In my new condo (I've lived here a week), I have painted a large section of one wall with chalkboard paint. Once the paint has 3 days to cure, I will be able to write on it. I plan to cover it in the quotes that remind me of the things I need to hold in my mind.
The first thing I want on that wall is the Rumi poem The Guest House:
Every morning a new arrival.
A joy, a depression, a meanness,
some momentary awareness comes
as an unexpected visitor.
Welcome and entertain them all!
Even if they are a crowd of sorrows,
who violently sweep your house
empty of its furniture,
still, treat each guest honorably.
He may be clearing you out
for some new delight.
The dark thought, the shame, the malice.
meet them at the door laughing and invite them in.
Be grateful for whatever comes.
because each has been sent
as a guide from beyond.
-- Jelaluddin Rumi,
translation by Coleman Barks
It seems to me as though this Rumi guy summarized the biggest lesson of my life in this one short piece.
When I try to judge each event in my life as good or bad or wrong or right, I lose touch with reality and get lost in worrying. I miss out on what's happening now as I try to categorize, judge and second guess.
Instead of meeting the dark thoughts at the door with a laugh and inviting them in, I shame myself for having them and try to push them away. This makes everything so much harder than it has to be.
It's making me think that there's a chance that when I dwell on Dave's death as this terrible thing that happened to me (and it IS, objectively a terrible thing), I push it away, rather than accepting it and letting myself feel it. When I do this, I might be prolonging my pain unnecessarily.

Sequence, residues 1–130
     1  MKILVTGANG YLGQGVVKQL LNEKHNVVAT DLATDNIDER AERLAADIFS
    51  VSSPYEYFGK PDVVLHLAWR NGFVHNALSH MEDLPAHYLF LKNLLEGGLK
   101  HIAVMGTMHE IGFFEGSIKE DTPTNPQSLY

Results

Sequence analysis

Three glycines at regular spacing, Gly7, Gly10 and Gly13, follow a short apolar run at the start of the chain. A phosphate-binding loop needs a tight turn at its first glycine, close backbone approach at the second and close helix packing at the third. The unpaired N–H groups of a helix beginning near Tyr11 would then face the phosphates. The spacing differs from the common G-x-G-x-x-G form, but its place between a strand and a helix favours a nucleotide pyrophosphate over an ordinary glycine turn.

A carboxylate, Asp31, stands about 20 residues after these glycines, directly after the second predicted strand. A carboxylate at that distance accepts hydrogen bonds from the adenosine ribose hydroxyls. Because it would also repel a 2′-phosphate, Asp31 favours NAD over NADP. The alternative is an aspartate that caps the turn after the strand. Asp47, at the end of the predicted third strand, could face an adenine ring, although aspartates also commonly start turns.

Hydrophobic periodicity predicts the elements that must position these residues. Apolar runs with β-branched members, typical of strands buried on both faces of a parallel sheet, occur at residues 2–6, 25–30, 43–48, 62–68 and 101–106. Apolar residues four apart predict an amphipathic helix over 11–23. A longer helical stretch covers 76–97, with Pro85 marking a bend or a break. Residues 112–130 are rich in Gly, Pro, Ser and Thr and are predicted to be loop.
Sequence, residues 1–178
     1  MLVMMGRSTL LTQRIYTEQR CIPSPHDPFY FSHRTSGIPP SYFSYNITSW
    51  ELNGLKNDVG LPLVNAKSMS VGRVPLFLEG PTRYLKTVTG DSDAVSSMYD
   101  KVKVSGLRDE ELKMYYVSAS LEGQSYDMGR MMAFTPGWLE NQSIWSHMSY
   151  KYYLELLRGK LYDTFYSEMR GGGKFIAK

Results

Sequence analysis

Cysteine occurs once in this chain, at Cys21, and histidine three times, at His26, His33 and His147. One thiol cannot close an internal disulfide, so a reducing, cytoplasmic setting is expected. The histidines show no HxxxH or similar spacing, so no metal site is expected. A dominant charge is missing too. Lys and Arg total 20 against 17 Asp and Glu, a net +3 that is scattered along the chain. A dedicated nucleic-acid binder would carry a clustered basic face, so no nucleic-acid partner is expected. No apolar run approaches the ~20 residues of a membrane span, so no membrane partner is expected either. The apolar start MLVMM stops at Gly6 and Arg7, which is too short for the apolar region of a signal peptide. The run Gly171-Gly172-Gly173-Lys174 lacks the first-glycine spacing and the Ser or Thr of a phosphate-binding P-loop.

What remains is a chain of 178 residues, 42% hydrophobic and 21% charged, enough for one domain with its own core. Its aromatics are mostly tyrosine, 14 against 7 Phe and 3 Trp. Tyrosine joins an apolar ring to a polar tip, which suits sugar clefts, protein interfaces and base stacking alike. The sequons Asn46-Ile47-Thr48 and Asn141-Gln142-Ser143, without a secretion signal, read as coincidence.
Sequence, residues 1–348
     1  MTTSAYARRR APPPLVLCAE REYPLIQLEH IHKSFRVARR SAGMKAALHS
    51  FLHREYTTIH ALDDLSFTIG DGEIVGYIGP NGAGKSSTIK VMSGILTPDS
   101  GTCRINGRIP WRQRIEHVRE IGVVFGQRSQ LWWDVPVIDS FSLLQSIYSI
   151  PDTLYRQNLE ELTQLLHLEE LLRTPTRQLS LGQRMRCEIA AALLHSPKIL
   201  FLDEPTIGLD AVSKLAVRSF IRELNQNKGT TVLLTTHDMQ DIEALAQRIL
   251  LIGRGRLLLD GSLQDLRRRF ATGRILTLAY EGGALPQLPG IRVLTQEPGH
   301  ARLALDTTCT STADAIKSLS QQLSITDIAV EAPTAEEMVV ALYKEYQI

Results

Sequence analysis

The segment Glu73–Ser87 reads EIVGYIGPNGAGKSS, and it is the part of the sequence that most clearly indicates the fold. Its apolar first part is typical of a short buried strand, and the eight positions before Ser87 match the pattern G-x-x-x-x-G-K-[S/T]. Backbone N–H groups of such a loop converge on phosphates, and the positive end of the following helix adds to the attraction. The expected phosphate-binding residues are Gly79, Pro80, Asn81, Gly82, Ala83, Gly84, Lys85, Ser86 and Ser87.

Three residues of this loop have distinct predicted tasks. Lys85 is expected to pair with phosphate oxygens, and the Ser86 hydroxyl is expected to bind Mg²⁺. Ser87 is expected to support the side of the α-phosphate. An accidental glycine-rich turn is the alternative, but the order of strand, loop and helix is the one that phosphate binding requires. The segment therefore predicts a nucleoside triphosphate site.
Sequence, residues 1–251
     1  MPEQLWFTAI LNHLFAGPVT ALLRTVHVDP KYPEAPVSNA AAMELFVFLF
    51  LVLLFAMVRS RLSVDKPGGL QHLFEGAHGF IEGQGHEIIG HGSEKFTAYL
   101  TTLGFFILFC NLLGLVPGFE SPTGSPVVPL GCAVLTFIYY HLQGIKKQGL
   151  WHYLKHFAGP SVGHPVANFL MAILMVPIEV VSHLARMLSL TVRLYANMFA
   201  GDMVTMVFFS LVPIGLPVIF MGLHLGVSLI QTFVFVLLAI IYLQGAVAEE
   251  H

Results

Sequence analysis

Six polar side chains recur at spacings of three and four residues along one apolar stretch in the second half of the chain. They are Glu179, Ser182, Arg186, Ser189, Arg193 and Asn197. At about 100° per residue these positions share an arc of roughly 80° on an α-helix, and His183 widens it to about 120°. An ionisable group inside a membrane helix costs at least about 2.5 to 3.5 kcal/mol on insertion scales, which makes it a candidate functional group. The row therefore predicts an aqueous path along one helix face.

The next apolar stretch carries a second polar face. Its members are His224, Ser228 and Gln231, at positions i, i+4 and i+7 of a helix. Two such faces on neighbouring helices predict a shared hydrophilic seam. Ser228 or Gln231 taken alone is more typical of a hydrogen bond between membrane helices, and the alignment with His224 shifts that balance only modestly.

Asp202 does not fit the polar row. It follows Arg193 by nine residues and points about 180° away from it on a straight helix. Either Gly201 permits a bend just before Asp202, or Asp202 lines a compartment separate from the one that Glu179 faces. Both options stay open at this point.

This is MUCH easier said than done, but I notice that when I do, for one split second, allow myself to think, "Yes, he died. Now what?", I can see my future opening up in front of me. It terrifies me, but it fills me with hope.
I can get lost for days in "Why did he die?" and "How could this have happened?" and I lose sight of hope. But when I face it head on and then ask myself what I want for the rest of my life, I find a little balance again. I find myself in a place of hope once more, even if it's for one dizzy second. I also know with certainty that he'd want me to be in that state of mind as much as possible.
So, that quote is going on my wall, as big as I can make it, so that every few minutes when I forget to treat each guest honorably by letting go of the past and focusing on the future, I will hopefully be lovingly smacked in the face by Rumi's beautiful words.
I'll let you know how that goes.